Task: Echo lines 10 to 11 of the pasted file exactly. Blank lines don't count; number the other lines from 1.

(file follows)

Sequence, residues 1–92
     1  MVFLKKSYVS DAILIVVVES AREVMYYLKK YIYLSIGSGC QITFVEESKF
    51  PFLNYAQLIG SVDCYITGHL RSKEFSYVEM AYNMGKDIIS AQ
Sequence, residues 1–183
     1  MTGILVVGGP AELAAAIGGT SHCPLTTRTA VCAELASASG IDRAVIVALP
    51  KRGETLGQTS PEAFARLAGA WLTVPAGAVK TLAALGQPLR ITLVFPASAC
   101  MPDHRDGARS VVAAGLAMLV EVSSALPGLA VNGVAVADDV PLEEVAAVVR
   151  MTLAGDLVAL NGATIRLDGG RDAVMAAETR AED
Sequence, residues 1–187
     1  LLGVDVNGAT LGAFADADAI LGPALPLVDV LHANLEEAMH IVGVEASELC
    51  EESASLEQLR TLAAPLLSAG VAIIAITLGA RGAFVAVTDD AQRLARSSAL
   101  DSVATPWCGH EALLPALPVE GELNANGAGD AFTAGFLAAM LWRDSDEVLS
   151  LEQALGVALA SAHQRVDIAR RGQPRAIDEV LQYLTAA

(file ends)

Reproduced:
     1  LLGVDVNGAT LGAFADADAI LGPALPLVDV LHANLEEAMH IVGVEASELC
    51  EESASLEQLR TLAAPLLSAG VAIIAITLGA RGAFVAVTDD AQRLARSSAL